This article is an additional feature in a series covering important topics about caring for aging parents. To view previous articles on this topic, please visit RWmagazine.com/read.
When a parent or family member faces a terminal illness or injury, hospice care can improve quality of life—and provide support for your family.
As parents age, there may come a time for decisions about end-of-life care. Before that happens, take time to learn about hospice care. Early planning will allow you to better understand your parents’ wishes and provide your parent and family the opportunity to receive a full complement of hospice benefits and services.
Three local women share how hospice care makes a compassionate difference in end-of-life care:
- Jacquelyn (Johnson) Gosse learned about and experienced hospice services when her father quickly became terminally ill.
- Beverly Hayne, executive director of Seasons Hospice, provides hospice care to patients through the community-based, nonprofit organization.
- Sherry Rengstorf, RN, patient care coordinator and nurse for the Mayo Clinic Hospice program, considers hospice care the most rewarding work she has ever done.
“Hospice involves a team-oriented approach to expert medical care, pain management and emotional and spiritual support expressly tailored to the patient’s needs and wishes,” says Hayne. “It is a family-centered, team approach that focuses on the dying person’s needs—physical, psychological, social and spiritual.”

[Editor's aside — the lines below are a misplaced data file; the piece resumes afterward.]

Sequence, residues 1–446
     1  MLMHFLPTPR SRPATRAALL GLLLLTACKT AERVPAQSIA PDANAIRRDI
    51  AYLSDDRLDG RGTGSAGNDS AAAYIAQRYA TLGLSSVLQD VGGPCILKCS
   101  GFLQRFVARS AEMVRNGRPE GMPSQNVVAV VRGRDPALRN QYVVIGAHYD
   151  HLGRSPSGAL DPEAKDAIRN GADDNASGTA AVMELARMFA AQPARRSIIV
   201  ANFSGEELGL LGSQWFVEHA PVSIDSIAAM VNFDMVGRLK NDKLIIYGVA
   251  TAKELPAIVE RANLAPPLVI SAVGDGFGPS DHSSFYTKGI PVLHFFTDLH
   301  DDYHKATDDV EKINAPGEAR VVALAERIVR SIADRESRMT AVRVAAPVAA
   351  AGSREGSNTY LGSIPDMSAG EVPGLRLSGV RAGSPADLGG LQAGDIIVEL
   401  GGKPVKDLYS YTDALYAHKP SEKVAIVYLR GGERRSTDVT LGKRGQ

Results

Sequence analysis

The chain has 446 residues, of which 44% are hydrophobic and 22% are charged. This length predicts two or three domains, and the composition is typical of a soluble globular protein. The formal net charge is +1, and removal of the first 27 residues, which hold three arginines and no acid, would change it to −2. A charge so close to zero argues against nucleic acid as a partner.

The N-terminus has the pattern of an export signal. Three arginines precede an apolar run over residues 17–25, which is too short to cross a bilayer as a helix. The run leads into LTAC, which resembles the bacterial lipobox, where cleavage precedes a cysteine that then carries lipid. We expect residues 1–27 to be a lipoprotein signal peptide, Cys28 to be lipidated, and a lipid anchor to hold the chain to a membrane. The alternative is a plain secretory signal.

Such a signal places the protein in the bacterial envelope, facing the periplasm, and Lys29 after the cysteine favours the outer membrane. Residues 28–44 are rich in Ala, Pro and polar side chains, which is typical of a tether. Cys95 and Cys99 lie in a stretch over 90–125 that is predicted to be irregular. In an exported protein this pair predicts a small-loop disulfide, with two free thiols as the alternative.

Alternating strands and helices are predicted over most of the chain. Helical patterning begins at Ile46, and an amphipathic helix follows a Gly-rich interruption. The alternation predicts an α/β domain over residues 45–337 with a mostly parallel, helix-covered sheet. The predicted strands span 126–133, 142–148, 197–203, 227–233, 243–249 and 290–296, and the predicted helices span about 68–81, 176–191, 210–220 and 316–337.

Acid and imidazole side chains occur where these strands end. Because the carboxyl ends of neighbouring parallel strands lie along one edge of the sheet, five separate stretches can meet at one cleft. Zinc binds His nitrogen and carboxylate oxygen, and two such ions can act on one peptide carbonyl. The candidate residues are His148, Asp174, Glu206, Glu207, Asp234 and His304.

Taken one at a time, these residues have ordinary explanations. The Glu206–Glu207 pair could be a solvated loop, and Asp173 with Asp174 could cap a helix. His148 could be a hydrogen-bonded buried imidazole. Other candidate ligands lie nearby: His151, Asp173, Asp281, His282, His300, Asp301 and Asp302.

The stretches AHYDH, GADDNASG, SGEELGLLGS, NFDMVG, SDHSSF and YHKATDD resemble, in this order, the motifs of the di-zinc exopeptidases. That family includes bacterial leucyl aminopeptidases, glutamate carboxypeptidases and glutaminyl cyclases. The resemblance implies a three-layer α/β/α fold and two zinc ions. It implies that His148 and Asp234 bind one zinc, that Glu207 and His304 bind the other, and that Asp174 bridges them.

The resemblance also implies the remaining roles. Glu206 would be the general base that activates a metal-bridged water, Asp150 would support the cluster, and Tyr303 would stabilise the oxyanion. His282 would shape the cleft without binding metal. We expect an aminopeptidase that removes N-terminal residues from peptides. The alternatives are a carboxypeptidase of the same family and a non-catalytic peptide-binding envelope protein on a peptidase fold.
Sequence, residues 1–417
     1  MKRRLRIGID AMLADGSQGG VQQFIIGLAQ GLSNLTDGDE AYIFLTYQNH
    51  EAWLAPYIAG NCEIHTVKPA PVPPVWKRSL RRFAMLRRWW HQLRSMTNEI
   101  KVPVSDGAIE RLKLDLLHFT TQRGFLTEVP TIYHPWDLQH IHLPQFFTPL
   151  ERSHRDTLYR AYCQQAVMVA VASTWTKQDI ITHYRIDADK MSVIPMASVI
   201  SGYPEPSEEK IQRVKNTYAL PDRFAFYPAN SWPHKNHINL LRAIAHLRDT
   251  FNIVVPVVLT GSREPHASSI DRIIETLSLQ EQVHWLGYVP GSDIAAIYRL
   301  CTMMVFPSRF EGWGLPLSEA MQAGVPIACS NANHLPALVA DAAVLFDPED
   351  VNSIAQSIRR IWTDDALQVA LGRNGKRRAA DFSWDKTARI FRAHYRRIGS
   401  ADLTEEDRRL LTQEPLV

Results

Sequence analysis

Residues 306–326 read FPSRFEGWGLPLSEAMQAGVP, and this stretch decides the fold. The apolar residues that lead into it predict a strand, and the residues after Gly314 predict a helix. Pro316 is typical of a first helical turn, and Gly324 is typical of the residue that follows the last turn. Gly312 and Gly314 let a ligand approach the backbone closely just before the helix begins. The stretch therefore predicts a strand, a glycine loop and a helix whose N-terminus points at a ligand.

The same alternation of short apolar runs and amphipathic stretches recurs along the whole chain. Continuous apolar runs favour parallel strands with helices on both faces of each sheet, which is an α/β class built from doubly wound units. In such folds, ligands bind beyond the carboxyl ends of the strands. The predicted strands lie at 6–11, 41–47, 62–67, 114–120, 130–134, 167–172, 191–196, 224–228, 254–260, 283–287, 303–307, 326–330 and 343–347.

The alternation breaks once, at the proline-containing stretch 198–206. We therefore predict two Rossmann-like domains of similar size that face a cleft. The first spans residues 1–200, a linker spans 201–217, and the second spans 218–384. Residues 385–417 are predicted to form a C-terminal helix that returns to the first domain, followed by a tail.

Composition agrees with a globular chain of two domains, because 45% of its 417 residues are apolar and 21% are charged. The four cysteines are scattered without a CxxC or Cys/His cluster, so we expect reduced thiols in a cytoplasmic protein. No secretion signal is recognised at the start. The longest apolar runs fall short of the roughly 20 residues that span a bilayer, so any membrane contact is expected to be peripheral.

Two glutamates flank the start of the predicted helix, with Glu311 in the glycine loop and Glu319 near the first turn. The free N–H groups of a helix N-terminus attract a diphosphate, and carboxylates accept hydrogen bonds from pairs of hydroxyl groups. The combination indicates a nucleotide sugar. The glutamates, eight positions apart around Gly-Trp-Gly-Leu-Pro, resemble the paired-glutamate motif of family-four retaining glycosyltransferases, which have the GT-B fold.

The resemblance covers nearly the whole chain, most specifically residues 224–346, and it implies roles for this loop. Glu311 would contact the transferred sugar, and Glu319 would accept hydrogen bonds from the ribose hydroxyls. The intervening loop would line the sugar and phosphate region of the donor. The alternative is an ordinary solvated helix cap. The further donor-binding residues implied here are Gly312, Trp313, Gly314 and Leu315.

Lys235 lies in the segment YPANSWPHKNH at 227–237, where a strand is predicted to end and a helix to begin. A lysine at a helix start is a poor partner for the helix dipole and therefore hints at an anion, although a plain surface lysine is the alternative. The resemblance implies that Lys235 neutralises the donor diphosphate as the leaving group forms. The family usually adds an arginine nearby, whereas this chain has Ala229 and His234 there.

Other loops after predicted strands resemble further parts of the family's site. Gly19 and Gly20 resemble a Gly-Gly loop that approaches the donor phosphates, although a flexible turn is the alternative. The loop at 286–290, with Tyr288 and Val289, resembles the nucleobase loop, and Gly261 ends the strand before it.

Hospice care recognizes dying as a normal part of life. “The focus is living life fully and as comfortably as possible,” adds Rengstorf. “Hospice entails a palliative, comfort care approach instead of the traditional medical care and curative treatment approach.”
“For me and many of the patients I work with, hospice means bringing hope—the hope that life’s final journey will be well traveled, with dignity, comfort and peace at the end,” Rengstorf says.
Hospice care can be provided by family members or professional staff, including physicians who are certified in both hospice and palliative care. Social workers provide counsel on important topics and services for the patient, family and team. Hospice nurses are specially trained in end-of-life care and provide care coordination, direct patient care and 24/7 phone support.
“My parents chose not to be informed of the estimated length of time my dad had left with us, but I am a planner and wanted to know,” she says. “The nurses respected this and privately shared their knowledge with my brothers and me about what to expect as the days progressed.”
Help in Different Settings
Hospice services are available to terminally ill people wherever they live. “This means that a patient living in their own home or a family member’s home, assisted living facility, adult foster care, nursing facility or long-term care facility can receive specialized hospice visits,” says Hayne. “The majority of hospice patients are cared for in their own homes or hospice facilities.”